Moreno will have to take care of the ball for Brown to find more success on offense, as the team was tied for the most turnovers in the nation last year with 34. But Estes believes that Moreno is equipped to remedy the team’s struggles with turnovers.
“Kyle has the confidence; he’s been doing this his whole life,” Estes said.
Moreno stressed fixing the turnover woes from last season as the offense’s number-one priority and offered a simple prescription: “staying within the scheme, not trying to do too much and knowing my opponent inside and out.”
The team performs numerous drills during practice to work on handling the ball well, Estes said.
There will be no shortage of weapons for Moreno to rely on offensively, starting with 2015 All-Ivy receivers Troy Doles ’17 and Alex Jette ’17. Last season, Doles totaled 66 receptions for 963 yards and seven touchdowns, while Jette recorded 68 receptions for 928 yards and four touchdowns. The pair figures to be one of the more formidable duos in the league and will play a key role on special teams as well, with Doles returning kicks and Jette as the team’s punter.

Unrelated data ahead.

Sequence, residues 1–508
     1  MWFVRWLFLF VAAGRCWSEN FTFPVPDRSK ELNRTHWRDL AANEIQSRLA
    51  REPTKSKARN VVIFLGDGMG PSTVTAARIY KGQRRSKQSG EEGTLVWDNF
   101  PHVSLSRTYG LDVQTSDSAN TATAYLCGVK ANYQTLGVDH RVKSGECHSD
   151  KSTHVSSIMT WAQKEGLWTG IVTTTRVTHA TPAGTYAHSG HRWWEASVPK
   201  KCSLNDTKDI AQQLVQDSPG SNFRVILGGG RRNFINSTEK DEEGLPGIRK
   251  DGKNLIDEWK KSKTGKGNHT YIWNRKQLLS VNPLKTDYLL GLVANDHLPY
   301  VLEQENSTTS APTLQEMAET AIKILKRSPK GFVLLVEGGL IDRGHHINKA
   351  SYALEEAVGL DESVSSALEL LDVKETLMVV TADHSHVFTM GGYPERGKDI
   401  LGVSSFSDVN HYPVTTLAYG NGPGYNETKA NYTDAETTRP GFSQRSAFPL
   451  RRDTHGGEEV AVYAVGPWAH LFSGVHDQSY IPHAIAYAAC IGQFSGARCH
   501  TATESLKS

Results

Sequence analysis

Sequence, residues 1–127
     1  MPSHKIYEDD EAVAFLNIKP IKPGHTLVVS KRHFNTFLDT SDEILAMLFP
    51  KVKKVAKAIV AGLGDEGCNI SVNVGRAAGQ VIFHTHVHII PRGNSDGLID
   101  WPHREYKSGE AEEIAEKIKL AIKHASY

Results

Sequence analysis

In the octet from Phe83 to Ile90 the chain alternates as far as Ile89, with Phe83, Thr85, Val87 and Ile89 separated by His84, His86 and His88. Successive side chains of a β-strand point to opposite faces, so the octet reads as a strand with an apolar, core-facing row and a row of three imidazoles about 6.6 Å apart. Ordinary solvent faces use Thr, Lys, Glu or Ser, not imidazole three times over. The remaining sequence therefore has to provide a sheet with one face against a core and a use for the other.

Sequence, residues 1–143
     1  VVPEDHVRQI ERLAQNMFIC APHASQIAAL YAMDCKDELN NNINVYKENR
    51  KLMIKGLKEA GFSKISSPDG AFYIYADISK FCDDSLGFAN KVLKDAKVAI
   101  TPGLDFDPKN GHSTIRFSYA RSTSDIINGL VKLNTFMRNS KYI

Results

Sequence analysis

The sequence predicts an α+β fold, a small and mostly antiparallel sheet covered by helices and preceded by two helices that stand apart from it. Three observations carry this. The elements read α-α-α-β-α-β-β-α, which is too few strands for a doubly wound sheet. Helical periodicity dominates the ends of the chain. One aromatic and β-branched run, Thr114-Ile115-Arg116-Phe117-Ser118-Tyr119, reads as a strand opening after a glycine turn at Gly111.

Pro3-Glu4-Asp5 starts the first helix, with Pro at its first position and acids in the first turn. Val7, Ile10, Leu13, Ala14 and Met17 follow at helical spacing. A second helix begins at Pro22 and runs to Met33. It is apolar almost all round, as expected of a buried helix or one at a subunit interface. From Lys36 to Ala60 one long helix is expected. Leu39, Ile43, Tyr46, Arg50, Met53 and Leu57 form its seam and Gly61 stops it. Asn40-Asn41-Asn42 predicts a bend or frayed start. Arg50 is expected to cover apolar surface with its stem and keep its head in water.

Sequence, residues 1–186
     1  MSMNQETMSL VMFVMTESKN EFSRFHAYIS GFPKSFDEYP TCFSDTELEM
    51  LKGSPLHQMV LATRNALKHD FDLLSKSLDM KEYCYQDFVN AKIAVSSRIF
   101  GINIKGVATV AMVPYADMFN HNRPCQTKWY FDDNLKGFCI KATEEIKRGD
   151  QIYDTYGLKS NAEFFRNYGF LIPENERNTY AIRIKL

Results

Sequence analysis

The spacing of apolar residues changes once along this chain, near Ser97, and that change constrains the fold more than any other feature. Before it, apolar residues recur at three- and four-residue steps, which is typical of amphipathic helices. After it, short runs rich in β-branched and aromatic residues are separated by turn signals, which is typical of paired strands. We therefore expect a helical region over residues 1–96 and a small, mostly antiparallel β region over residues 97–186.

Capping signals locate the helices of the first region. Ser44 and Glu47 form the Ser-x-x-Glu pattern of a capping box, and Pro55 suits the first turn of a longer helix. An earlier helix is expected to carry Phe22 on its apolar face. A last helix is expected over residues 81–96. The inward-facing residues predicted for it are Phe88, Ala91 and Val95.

The Bears expect to use several players in the running game, with Johnny Pena ’17 — who ran for 310 yards and scored six touchdowns last season — returning with the most game experience.
There was room for improvement on defense for Bruno as well. In the 2015 season, the Bears allowed 32.9 points per game, the highest in the Ivy League, and placed in the middle of the pack in both rushing defense and passing defense.
Seven players return from that defensive unit, led by Ferguson and co-captain defensive end Robert Hughes ’17. Other key players include linebackers Will Twyman ’17 and Max Tylki ’17, who combined for 139 total tackles and 10.5 tackles for loss in 2015.
“We’ve got some speed on defense,” Estes said. “Up front, those guys can run.”
The veterans will take a personal stake in the improvement of the defense from last season, Ferguson said.
“Sometimes when you’re put in tough situations you have to step up, and there were times when we didn’t do that,” he said. “If we trust each other to do our jobs, then we’ll definitely come out with Ws.”